The vast majority of Christians celebrate Christmas without any thought as to whether they should, whereas others insist that pagan elements associated with the day forbid the church from any observance. For instance, the ancient druids worshiped trees (especially the oak), and pagan motivations resulted in the decoration of the tree. Others question the legend and role of Saint Nicholas in Christmas celebrations and other popular customs. The observance or non-observance of Christmas continues to provoke lively discussions among Christians.
Since the third century, the virgin birth of Christ is generally observed to have been 25 December, which is an extremely unlikely date. The most popular deity in ancient times was the sun god. Within the Babylonian religion, the wife of Nimrod was Semiramis. Nimrod and Semiramis were the ancient god and goddess of Babylon. According to the Babylonian mythology, Semiramis claimed to have a virgin-born son, subsequent to Nimrod’s death, which was the beginning of the mother and child cult. The worship of the goddess and her son was the fundamental character of the religion of ancient Babylon. The corrupt religion is a perversion on the part of Satan to counterfeit the genuine virgin birth of the Messiah, and to cause disrepute upon the actual historical event in the gospels.
The worship of the sun god began in Babylon and permeated the entire world until nearly every culture worshiped the pagan deity. Apparently, the early church began celebrating Jesus’ incarnation on 25 December as a declaration against the pagan deity that the unbelievers worshiped. When the Apostle Paul spoke in the midst of the Areopagus, he faulted the Athenians for worshiping an “UNKNOWN GOD . . . in ignorance” (Acts 17:22-23). Seizing the opportunity to proclaim Jesus as Lord God and Savior, the apostle used an established pagan altar to demonstrate the true worship of God. Historically, the early church adopted a similar practice with regard to Christmas.
Most believers know that the Greek word logos is translated in English as “Word” in John 1:1. However, what the majority of Christians do not know is that the manner in which the Apostle John used the word logos was in a manner similar to how Greek philosophers understood it. The Greek word sometimes denoted the faculty of reason or thought, and sometimes denoted the expression of thought (speech or word, that is, logic). The word connected both Jewish and Gentile readers because logos was a significant idea and term.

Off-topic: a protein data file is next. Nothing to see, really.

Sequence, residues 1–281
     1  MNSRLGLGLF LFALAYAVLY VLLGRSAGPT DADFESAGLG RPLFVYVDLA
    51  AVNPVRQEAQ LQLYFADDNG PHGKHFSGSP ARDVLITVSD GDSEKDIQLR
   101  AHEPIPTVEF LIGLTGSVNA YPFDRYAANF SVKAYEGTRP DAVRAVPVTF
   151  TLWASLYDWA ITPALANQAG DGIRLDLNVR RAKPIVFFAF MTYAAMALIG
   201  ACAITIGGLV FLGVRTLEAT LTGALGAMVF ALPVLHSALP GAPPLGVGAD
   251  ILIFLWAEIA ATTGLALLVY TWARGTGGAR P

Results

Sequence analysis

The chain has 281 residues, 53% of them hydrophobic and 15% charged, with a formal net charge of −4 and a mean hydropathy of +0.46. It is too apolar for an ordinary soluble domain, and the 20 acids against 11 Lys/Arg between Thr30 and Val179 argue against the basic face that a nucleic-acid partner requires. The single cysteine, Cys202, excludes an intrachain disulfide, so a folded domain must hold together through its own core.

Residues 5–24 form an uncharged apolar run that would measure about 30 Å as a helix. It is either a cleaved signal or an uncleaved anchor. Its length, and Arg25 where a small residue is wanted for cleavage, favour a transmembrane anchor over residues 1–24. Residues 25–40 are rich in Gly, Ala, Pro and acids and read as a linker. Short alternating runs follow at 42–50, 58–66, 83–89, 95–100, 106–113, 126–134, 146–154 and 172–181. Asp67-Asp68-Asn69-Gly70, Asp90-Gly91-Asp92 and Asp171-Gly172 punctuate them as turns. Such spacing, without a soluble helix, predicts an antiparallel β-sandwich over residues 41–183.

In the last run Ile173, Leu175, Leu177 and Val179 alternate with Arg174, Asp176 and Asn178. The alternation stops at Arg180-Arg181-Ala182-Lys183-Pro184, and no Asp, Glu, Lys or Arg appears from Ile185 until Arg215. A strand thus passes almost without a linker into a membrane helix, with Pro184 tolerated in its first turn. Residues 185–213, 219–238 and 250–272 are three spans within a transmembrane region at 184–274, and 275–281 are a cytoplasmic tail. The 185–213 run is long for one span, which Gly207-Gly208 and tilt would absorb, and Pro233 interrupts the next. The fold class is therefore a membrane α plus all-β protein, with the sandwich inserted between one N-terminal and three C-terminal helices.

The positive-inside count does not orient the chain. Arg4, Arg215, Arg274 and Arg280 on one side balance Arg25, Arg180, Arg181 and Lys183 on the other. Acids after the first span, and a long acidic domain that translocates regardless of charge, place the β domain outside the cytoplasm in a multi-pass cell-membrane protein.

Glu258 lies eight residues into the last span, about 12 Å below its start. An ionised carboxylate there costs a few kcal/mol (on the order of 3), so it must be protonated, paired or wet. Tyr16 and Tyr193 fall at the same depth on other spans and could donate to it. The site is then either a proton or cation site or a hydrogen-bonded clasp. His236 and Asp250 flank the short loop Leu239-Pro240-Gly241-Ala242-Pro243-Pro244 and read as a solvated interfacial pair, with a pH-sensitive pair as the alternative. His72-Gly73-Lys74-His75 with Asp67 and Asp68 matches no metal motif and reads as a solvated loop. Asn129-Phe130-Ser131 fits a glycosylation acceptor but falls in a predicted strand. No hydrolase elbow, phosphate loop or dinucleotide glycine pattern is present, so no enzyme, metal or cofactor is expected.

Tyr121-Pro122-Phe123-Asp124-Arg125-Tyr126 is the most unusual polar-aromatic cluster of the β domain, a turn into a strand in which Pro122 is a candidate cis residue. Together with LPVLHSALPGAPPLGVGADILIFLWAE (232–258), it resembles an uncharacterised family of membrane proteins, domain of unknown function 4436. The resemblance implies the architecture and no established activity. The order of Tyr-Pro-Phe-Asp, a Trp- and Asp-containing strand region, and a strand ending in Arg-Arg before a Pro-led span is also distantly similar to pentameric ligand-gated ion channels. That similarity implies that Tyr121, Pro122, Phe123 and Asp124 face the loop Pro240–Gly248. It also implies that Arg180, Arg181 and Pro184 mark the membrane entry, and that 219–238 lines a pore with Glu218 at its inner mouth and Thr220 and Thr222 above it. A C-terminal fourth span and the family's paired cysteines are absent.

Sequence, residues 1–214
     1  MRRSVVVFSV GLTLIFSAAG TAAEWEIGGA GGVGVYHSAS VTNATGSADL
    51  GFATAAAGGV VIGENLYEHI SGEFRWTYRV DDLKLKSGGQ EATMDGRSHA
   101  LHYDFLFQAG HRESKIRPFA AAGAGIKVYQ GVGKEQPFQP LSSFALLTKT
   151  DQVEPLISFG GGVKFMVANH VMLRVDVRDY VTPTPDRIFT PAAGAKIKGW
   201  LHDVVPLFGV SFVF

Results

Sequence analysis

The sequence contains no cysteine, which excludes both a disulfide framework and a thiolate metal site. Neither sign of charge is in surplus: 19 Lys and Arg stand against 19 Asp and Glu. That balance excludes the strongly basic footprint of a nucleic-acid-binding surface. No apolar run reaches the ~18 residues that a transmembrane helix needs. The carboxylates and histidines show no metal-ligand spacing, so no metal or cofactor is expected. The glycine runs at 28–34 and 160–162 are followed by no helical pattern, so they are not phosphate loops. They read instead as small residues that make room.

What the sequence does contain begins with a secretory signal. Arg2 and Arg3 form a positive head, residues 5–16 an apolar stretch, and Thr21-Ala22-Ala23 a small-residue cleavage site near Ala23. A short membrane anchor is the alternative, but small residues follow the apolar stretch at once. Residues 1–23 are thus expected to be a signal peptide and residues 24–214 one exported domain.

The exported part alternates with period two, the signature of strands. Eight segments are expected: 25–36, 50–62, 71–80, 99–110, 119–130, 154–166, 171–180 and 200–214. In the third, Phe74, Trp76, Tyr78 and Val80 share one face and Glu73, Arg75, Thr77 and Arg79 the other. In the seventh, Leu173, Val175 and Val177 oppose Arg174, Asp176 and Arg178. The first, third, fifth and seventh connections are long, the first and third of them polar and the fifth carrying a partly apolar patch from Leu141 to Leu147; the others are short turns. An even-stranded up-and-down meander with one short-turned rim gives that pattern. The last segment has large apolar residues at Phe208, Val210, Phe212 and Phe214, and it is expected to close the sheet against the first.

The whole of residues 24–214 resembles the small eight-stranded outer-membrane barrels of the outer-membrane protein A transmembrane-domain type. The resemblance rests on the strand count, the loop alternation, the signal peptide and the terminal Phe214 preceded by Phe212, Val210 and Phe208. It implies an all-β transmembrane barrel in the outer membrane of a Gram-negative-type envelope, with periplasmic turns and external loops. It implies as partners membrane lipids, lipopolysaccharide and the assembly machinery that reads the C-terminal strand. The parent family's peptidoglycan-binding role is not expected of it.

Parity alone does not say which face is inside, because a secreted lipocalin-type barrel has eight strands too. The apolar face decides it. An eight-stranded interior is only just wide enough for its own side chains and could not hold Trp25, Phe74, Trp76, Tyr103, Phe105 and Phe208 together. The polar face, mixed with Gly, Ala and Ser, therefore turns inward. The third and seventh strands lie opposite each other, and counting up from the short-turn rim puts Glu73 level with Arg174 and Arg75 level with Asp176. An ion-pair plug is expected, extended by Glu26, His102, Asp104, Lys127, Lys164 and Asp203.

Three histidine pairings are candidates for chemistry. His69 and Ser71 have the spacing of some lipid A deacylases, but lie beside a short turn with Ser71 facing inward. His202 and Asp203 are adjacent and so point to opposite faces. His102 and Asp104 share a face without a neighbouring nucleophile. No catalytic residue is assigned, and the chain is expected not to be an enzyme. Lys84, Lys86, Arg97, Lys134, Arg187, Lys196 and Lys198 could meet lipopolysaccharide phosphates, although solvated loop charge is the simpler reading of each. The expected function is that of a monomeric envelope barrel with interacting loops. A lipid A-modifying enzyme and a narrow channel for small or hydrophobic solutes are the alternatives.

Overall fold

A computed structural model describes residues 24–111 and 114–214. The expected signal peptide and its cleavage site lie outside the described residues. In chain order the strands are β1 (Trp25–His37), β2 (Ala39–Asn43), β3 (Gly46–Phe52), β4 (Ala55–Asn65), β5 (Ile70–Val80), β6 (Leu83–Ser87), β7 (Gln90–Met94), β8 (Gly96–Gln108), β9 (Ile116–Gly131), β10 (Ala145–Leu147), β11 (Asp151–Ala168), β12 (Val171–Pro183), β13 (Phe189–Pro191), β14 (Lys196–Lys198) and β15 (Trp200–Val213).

As a term, logos can be traced to Heraclitus (535-475 B.C.) who referred to the first (unitary) principle of existence, which he called variously God, Reason, Justice, Fire or Logos. Stoic philosophers commonly used the word logos abstractly as simply reason. The Jewish philosopher Philo of Alexandria (born late first century B.C.) used the term logos more than 1,300 times, primarily abstractly as reason or Divine intelligence. Philo would not have used logos in the fully personal sense that John did. In other words, there was little understanding of logos as a personal being.
Within the Old Testament, the word logos was a common and important idea because often the Word of God is simply God Himself speaking, that is, bringing the creation into being by His word, or delivering His people by His word, or coming to His prophets to disclose His truth and will. All the various uses of the word logos indicate that when John wrote concerning “the Word,” he was using a term and concept that was familiar to all his readers and listeners.
John used the word logos with complete knowledge of its general meaning within the religious and philosophical vocabulary of his time. However, the apostle adapted the vocabulary of his day to proclaim the meaning that he intended. His readers were to understand the Lord Jesus as the “Living Word,” the communication of the Divine wisdom: Jesus is the personal revelation of the truth of God. He was not merely a communicator of the truth of God, but the communication of truth itself: He is “the truth” (John 14:6).
How could the Apostle John do otherwise than adapt the vocabulary of his time to accomplish his purpose? If the apostle did not use the word logos because it had connotations contrary to his meaning, he would have been forced to remain silent for lack of an appropriate expression. Just as the usage of logos in the gospel of John must be understood in terms of its own definition, so the early church celebrated the birth of Christ on 25 December to proclaim that the true God “dwelt among us” (John 1:14).
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Dr. Ron J. Bigalke serves as the Georgia state minister for Capitol Commission. He also pastors a church plant through Biblical Ministries Worldwide and has taught for Bible colleges and seminaries—serving as a research associate with the University of Pretoria (missions and ethics project). He is a frequent contributor and editor for various publications through Eternal Ministries, Inc., writes for Midnight Call magazine and is general editor of the Journal of Dispensational Theology. It is with great enthusiasm that we include him as a contributing author to Dispensational Publishing House.
This article originally appeared in the December 2015 issue of Midnight Call Magazine ([December 2015]: 17-20).
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